adapted from a talk by Gil Fronsdal, July 1st, 2003
The Buddhist path is often considered one of renunciation. This is easy to see in the lifestyle of simplicity and restraint followed by Buddhist monastics. The role of renunciation in the lives of lay practitioners is not so easy to understand. Lay practitioners are not asked to renounce money, sex, or a varied wardrobe, or to shave their heads or not eat after noon. Yet renunciation remains important —although we might prefer to call it letting go, releasing, freeing, or perhaps unburdening.
Because so many people have serious reservations about the idea of doing without, Buddhist teachers in America are sometimes reluctant to teach about renunciation. In giving Dharma talks, I often get the impression that this is not a popular theme. Certainly, there are good reasons to be suspicious of exhortations to let go. For example, renunciation may be confused with aversion or repression instead of an impulse of freedom. Overdone, renunciation may blind us to our real needs or healthy motivations. Or renunciation may be burdened with puritanical notions of good and bad, purity and impurity. Most important, we may confuse the renouncing of things and experiences (like money, sex, and possessions) with the essential work of renouncing our clinging to them.
The Latin root of the word “sacrifice” means “to make sacred.” The Buddha did not teach renunciation as a form of denial or asceticism. Rather, he taught letting go as a way to achieve a greater good, a greater happiness, and ultimately to attain what might be called the “sacred” dimension of liberation. The Buddha once said, “If one sees that a greater happiness is found by letting go of a lesser one, the wise person will let go of the lesser happiness.”
Even though it doesn’t take much mindfulness to recognize that suffering comes with clinging, we often find it hard to let go of clinging—or even to see letting go as possible or worthwhile. Strong feelings of desire often come with a compulsion that makes the desire seem necessary. Or we may approach clinging like a lottery—we are willing to bear the risk of suffering in exchange for the chance that the clinging will bring us well-being. Furthermore, letting go can be frightening. Clinging may give us a sense of taking care of ourselves—holding tight to security, judgments, people, self-identity, or possessions are all ways of protecting ourselves. People may not know how to function in the world without the motivation and self-identity that come from clinging.
Renunciation is often difficult. Grappling with the power of desire, attachments, and fear may require great personal struggle. But that struggle yields many benefits. We develop the inner strength to overcome temptation and compulsion. We don’t have to live with the suffering and contraction that come with clinging. Clinging can be exhausting; letting go is restful. We may taste the luminous mind of freedom, which is hidden when clinging is present. And, last but not least, we are more available to work for the welfare of others.
Renunciation should bring joy, or at least a lightness of being. If it is done with resentment or resistance, then the renunciation is not thorough—some clinging remains. We need continued mindfulness to understand what we still need to let go of.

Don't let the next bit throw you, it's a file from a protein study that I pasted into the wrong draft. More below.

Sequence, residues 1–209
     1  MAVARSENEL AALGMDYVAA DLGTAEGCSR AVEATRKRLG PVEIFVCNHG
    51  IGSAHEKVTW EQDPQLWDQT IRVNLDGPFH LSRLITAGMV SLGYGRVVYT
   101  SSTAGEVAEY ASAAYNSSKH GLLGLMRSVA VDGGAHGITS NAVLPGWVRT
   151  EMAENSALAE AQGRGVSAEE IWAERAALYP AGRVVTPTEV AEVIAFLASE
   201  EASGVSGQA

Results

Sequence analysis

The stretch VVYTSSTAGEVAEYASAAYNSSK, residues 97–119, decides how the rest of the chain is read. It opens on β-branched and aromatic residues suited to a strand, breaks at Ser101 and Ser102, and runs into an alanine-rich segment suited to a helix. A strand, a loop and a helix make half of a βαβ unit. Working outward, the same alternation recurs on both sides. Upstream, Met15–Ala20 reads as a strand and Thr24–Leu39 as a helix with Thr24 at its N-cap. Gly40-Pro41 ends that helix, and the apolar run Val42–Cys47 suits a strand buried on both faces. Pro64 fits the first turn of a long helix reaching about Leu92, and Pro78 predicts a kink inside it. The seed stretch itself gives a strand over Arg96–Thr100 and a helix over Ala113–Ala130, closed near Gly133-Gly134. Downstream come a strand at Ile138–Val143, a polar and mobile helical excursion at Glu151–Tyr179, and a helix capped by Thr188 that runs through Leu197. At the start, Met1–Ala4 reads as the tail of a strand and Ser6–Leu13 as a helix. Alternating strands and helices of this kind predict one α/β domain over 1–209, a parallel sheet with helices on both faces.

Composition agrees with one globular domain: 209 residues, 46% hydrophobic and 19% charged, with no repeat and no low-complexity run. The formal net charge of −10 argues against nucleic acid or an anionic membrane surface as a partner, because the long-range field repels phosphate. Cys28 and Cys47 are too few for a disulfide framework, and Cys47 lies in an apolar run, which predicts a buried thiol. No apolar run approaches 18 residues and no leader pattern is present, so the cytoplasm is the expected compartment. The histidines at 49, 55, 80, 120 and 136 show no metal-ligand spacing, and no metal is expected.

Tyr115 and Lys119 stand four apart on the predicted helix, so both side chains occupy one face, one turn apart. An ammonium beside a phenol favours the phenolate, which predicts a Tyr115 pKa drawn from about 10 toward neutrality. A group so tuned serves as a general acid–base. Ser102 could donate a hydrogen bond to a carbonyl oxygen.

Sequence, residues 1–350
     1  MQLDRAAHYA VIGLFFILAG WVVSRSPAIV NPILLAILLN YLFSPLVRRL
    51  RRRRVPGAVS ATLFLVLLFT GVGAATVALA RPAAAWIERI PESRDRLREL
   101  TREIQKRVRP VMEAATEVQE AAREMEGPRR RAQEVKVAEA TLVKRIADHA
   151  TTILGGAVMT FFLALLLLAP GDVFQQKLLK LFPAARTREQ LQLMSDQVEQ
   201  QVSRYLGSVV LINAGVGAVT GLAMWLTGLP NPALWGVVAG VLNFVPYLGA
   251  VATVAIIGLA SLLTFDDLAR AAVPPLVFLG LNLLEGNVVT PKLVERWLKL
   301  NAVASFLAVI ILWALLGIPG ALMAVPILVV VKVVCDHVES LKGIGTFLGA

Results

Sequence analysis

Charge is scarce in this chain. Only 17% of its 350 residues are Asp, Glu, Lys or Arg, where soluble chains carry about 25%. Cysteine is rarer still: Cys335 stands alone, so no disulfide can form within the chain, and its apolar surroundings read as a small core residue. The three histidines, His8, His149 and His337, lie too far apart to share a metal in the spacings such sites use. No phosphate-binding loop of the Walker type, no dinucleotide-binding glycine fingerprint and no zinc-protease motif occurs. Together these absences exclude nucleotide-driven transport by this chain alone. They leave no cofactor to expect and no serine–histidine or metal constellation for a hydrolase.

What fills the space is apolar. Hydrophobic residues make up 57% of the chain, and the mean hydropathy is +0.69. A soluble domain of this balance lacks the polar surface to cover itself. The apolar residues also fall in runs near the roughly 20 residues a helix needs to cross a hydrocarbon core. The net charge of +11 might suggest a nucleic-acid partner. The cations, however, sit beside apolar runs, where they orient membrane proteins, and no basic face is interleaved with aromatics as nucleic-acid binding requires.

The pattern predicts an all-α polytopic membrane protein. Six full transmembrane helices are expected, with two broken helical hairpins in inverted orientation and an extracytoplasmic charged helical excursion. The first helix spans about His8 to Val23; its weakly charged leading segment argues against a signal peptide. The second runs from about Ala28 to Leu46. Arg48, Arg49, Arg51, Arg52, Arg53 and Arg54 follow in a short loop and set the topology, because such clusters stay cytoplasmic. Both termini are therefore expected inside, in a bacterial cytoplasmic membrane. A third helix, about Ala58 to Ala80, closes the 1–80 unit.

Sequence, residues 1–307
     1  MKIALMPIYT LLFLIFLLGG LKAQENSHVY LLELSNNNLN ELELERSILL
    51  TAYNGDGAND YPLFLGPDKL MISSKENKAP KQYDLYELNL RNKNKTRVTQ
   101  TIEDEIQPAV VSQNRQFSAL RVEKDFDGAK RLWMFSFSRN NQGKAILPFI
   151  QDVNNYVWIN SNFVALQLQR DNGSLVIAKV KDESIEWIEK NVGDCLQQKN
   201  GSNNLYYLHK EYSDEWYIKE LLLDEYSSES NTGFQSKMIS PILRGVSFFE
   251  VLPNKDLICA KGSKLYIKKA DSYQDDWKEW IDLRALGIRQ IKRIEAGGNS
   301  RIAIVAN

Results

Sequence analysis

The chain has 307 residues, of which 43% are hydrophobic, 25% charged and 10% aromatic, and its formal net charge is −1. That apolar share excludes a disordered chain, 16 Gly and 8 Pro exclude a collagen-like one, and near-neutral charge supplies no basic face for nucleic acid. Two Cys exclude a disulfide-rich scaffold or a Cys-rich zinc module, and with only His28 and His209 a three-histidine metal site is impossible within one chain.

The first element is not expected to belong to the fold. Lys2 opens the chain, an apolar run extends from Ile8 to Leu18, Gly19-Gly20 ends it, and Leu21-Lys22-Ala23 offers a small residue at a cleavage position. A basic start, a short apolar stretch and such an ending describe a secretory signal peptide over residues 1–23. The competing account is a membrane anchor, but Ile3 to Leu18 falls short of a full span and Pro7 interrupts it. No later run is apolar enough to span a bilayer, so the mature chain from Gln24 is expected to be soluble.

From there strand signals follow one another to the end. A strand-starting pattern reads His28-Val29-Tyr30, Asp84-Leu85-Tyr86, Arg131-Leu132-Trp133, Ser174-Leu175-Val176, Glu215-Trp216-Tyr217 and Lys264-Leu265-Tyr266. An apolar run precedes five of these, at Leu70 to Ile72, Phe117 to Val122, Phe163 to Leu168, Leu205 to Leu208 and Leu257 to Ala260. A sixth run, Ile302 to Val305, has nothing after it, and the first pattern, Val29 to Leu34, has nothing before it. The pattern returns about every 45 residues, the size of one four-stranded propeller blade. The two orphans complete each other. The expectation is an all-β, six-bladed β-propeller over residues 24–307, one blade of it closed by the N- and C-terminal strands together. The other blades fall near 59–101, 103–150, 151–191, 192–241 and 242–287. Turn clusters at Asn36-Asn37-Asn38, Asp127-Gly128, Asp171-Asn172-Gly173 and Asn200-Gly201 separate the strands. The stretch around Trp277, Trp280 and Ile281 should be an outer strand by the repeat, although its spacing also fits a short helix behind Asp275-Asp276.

Suzuki Roshi once defined renunciation as accepting that things pass away, that things change. This definition points to two things. First, sometimes renunciation takes the form of wise surrender to what is unavoidable. Second, at its heart, the practice of renunciation requires an inner change that may or may not require external renunciation. If the heart is still contracted, if the mind is still tight or hot, then the renunciation is incomplete. In fact, external renunciation without a corresponding inner release may strengthen clinging. Many people have been surprised by the strength of their desire after a period of deprivation.
One of the primary functions of monastic renunciation of so many aspects of ordinary life is to facilitate an inner transformation. Realizing that what one assumed was necessary for happiness is, in fact, not necessary (may not even be a cause of happiness after all) can bring a marvelous sense of ease.
For lay people, meditation retreats are a form of temporary monastic renunciation. On retreat we give up speech, entertainment, reading, writing, sexual activity, and much of our control over our food. In surrendering to the retreat schedule, we give up our preferences for what we do and when. If these limitations are difficult, then this difficulty becomes an opportunity for spiritual practice. When we see renunciation not as limitation but as unburdening, we can take great delight in feeling free from desire and compulsion.
Both within and outside of retreat, renunciation is a practice worth experimenting with. What happens when you let go of your opinions? Of self-preoccupation? Of a strong desire? In what areas in your life would let go bring greater benefits than continuing to hold on tightly? When letting go is difficult, what does your clingings indicate about your beliefs in what will make you happy?
Are there things or activities that would be good to do without or to limit? For example, watching television, shopping, complaining, gossiping, or surfing the web, for some, an important area for letting go is in being overly busy. There are many worthwhile pursuits; trying to do too many is harmful. Sometimes it is necessary to choose which is most important to us and then let the rest go.
To sacrifice is to make sacred. To release is to find freedom. And to find freedom is to know a happiness that is not dependent on anything—especially not on having our wishes fulfilled.
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